Transgender actress, activist Laverne Cox speaks at ASU

Transgender actress and activist Laverne Cox walked onstage at Wells Fargo Arena to a crowd of cheering supporters, telling a community of ASU students, faculty and community members about her experiences as a transgender woman. 

“I stand before you this evening a proud, African-American transgender woman,” Cox said. “I stand before you an artist, an actress, a sister and a daughter, and I believe it’s important that we name the various intersecting components of my multiple identities because I’m not just one thing and neither are you.”

The speaking event was presented by Tempe Undergraduate Student Government in partnership with the Council of Coalitions, as a part of Pride Week at ASU. The event raised over $4,000, all of which will be donated to the Phoenix Pride LGBT Center

Tempe USG President Cassidy Possehl introduced Cox to the crowd of cheering supporters, praising them for welcoming and embracing the LGBTQ community. 

“I am so appreciative of all of the work that has gone into this event to bring forward such a powerful message to Arizona State University,” Possehl said. “I am beyond grateful that here at ASU, we have a community that is not just accepting, but ecstatic to warmly welcome (Cox).”

Tempe USG passed a bill paving the way for gender-neutral bathroom and housing facilities on campus Tuesday, opening the door to a greater amount of acceptance and understanding for students and community members who fall outside the typical gender binary. 

Cox has a starring role in the hit Netflix television show "Orange Is The New Black" as Sophia Burset, an incarcerated transgender woman, and is the first woman to produce and star in her own show, "TRANSform Me." She is the first openly transgender woman to be nominated for a Primetime Emmy Award in the acting category. In June of 2014, Cox also became the first openly transgender woman to appear on the cover of Time Magazine.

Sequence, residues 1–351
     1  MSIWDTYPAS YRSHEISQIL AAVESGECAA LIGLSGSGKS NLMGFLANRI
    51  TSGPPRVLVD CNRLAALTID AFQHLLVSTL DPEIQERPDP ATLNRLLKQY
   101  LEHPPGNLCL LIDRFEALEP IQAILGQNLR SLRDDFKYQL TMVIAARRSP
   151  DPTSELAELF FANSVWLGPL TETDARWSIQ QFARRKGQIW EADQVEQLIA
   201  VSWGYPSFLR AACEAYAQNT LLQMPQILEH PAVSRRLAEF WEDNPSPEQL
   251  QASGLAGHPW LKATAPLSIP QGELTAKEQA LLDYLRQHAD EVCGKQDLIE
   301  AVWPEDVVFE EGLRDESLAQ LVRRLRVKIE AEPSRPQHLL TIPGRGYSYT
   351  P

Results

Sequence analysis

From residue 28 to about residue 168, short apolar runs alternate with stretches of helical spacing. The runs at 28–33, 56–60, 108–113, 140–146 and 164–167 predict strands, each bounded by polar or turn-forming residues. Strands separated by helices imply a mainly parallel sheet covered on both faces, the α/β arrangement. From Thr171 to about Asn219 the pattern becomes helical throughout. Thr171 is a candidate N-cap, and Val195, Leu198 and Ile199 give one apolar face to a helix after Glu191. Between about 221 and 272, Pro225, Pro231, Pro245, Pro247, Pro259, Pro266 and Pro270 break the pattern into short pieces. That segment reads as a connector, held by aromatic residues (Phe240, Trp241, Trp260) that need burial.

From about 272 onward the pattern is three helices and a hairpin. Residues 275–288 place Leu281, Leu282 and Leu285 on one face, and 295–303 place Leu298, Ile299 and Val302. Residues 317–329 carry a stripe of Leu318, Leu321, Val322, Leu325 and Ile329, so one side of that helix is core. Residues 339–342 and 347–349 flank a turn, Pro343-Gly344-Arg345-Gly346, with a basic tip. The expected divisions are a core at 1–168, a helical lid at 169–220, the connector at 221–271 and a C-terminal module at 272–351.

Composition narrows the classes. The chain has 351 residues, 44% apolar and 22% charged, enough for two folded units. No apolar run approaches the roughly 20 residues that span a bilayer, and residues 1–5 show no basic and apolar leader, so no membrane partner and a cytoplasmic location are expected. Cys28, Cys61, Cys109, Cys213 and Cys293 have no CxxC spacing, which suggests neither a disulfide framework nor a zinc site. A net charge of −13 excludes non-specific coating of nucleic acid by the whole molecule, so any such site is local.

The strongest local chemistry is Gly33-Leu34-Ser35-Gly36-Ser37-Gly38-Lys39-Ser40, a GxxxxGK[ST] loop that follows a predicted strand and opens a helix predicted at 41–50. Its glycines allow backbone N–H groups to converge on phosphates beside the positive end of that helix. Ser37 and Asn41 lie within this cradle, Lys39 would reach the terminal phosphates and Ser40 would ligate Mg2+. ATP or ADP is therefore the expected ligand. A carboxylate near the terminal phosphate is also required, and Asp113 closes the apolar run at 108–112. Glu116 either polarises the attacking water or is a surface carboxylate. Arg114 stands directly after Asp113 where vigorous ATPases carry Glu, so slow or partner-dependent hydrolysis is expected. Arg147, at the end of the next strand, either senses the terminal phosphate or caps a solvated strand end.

Cox said she believes her multiple identities, being an African-American transgender woman, led to the extreme oppression and discrimination she experienced while growing up in Mobile, Alabama, before moving to New York City in her adult years. 

“I believe it’s important to claim the various intersecting components and multiple identities with pride in public,” Cox said. 

Cox said one of the biggest obstacles facing the transgender community are negative points of view.  

“One of the biggest obstacles facing the transgender community are points of view which disendow our identities, points of view that suggest no matter what we do, we are always and only the gender we were assigned at birth, points of view that suggest that no matter what kind you are, you will never be a woman,” Cox said. “Yet, ain’t I a woman?”

Sixty-four percent of transgender individuals will be victims of sexual assault in their lifetime. This was just one of the many startling statistics mentioned by Cox throughout her speech. Another statistic, according to the National Coalition of Anti-Violence Programs, is the homicide rate of the LGBTQ community is the highest over transgendered women.

These statistics, highlighted by Cox and supported by her multiple experiences facing discrimination throughout her childhood and into her adult years, showcase the many plights of transgendered individuals. 

“It is a state of emergency for far too many trans people across this nation,” Cox said. “As Dr. Cornel West reminds us: ‘Justice is what love looks like in public.’”

Shay Kak, special events director for Tempe USG, said she invited Cox to speak after coming across her many other speaking events. 

“I was stunned and in awe of how wonderful of a speech she made,” Kak said. “She spoke about how she struggled through life and how she came from all those struggles to be who she is now.”

Nursing freshman Meghan Hiryak said watching Cox speak inspired her to create change in her own community. 

"It was so empowering to see someone who not only is transgender, but African-American and a woman, advocating for those communities and having such an incredible impact on mainstream culture," Hiryak said. "As someone who's passionate about human rights, she was able to touch on so many things that resonated with me and my interests."

CORRECTION: Due to a reporting error, the amount of money raised by the event was incorrectly stated. This version has been updated with the correct information.

Reach the reporter at Jlsuerth@asu.edu or follow @SuerthJessica on Twitter.

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